The last time Dan Brown visited the Freemasons' Hall in Central London, he was discreetly researching his 2003 bestselling novel, The Da Vinci Code. A decade later, the New Hampshire-based author is launching his latest blockbuster, Inferno (Random House), in the ornate surrounds of the United Grand Lodge Of England's main headquarters.
"The Da Vinci Code was a double-edged sword when it comes to research," Brown admits. "On the positive side, I now have access to specialist curators and secret locations that realistically I never would have without it.
"But, simultaneously, I'm always trying to keep my topic secret - but whenever I show up at any of these places, the next thing you know there's a blog saying, 'Dan Brown was just at the Freemasons' Hall and he was looking at this particular medallion or floor tile. I wonder what he's up to?'."
Brown is forced to play a game of subterfuge with his over-eager fans, drawing attention to unrelated aspects before quietly concentrating on his real quarry.
"It's like leaving breadcrumbs in a different direction, which seems to have worked so far," he laughs.
Inferno sold more than 225,000 hardbacks in the UK alone during its first week of release, so there's little prospect of the otherwise unassuming 48-year-old going unrecognised. Even if, as tonight, he's dressed in a smart black suit and not the trademark tweed jacket his main protagonist, Harvard symbology professor Robert Langdon, famously also favours.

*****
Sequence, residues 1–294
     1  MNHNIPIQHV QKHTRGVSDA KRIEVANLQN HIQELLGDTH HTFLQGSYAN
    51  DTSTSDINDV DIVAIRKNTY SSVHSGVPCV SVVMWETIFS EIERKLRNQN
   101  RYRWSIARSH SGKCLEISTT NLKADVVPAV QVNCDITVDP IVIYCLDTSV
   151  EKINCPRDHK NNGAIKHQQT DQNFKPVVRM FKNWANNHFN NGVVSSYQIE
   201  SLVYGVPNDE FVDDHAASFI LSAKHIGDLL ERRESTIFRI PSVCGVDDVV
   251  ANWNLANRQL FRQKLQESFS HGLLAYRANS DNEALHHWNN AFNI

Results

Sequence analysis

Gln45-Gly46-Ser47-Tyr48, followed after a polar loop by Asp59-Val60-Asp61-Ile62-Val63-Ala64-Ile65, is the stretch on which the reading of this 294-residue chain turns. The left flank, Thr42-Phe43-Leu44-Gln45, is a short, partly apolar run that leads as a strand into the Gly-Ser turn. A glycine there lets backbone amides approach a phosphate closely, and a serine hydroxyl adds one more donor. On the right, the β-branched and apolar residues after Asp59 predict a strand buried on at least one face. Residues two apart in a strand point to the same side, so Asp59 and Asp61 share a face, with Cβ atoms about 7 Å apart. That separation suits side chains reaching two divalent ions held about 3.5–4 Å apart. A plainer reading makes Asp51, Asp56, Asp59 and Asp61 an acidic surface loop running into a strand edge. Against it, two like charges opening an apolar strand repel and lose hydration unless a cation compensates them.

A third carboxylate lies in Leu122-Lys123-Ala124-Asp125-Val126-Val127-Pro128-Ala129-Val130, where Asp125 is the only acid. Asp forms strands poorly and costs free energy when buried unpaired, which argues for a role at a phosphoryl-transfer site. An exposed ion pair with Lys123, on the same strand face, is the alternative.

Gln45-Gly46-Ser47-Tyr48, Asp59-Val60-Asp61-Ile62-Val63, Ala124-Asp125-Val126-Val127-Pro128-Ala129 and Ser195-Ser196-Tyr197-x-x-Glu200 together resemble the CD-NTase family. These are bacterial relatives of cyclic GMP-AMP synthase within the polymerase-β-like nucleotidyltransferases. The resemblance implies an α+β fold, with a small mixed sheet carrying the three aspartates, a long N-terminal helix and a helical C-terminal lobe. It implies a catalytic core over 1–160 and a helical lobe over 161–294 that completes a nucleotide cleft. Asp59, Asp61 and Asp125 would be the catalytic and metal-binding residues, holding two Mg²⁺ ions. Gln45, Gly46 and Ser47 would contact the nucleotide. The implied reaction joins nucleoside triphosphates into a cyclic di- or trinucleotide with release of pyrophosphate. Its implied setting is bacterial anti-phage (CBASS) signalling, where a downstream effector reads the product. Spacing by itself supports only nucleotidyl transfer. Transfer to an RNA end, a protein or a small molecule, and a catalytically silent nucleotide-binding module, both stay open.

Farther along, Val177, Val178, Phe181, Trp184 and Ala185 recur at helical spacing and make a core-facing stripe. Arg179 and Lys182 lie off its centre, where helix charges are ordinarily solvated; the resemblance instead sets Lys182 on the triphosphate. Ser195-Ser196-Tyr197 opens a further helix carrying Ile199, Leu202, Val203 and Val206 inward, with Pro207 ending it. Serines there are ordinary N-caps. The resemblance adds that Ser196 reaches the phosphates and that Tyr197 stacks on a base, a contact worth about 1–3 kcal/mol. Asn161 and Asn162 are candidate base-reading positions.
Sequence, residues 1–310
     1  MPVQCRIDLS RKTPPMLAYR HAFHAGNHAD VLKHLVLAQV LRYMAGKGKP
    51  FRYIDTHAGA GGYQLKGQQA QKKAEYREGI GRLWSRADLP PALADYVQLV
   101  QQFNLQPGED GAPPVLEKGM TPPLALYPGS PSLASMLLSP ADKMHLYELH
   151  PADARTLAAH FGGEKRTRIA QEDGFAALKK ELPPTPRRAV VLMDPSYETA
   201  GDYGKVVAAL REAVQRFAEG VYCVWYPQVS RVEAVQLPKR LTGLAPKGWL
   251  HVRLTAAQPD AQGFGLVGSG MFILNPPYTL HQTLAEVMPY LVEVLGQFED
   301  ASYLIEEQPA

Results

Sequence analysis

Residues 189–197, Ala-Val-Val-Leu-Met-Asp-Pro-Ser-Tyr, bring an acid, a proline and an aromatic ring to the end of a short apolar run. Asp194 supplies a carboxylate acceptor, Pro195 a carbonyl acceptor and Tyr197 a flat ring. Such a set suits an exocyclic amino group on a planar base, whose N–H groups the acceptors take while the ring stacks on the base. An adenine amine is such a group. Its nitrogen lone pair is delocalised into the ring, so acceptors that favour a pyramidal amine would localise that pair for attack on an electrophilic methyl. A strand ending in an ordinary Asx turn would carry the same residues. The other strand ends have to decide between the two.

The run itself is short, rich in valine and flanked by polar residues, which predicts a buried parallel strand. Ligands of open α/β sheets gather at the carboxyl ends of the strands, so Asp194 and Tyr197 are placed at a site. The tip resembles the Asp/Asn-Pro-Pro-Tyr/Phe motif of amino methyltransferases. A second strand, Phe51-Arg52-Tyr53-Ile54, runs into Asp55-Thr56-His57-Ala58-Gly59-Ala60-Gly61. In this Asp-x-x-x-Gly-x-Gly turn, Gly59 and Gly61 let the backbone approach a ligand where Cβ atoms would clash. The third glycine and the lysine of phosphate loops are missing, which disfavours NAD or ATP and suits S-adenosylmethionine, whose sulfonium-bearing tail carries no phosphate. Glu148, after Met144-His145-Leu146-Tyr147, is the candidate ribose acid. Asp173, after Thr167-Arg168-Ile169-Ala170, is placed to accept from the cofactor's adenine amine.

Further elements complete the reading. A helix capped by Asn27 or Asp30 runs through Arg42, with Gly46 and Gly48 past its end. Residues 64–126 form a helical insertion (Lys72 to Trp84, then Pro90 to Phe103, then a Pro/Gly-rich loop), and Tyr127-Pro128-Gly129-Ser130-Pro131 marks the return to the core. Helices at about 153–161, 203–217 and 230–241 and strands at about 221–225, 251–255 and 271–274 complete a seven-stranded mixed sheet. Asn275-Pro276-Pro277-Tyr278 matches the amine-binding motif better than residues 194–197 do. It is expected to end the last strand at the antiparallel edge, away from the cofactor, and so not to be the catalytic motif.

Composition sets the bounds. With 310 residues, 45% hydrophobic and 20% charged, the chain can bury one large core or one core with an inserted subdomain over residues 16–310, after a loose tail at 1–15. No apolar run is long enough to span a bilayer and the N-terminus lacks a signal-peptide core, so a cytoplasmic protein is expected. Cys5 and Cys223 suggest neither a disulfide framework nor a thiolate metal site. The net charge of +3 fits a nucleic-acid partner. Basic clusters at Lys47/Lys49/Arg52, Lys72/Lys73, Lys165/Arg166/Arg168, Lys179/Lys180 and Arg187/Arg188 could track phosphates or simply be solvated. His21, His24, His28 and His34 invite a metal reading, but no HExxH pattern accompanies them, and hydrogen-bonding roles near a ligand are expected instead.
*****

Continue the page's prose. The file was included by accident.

"Robert Langdon is significantly more interesting and intelligent than I am," Brown insists. "First of all, he's tall and has thick hair, so you know instantly it's not me. It's funny because I had a woman ask me that same question once, and I said something similar to her. She then said, 'Wait a minute, how can he be smarter than you, because everything he says comes out of your head?' I had to tell her every little witty thing that Langdon tosses off the cuff took me two days to research right."
Brown took six years to produce The Da Vinci Code's follow-up, The Lost Symbol, but a mere four years has passed between that and Inferno's arrival.
However, don't expect another massive tome from Brown soon.
"I need a nap, to be honest with you," he says. "These books are very tough to write. They take a lot out of me and the research is really the only thing that happens in the first year. I have a lot of ideas for Langdon.
"I know exactly what I'm writing next, but I guess we'll just have to wait and see how long it takes."
Much to his publisher's relief, Brown has no plans to retire the taciturn professor.
"I love the Langdon books and learn a lot while I'm writing them," he says. "I get to travel to different places. For Inferno, I spent some magic time in Florence. There are a number of places I'd like to write about that fall into Langdon's realm of expertise. We'll have to see what happens."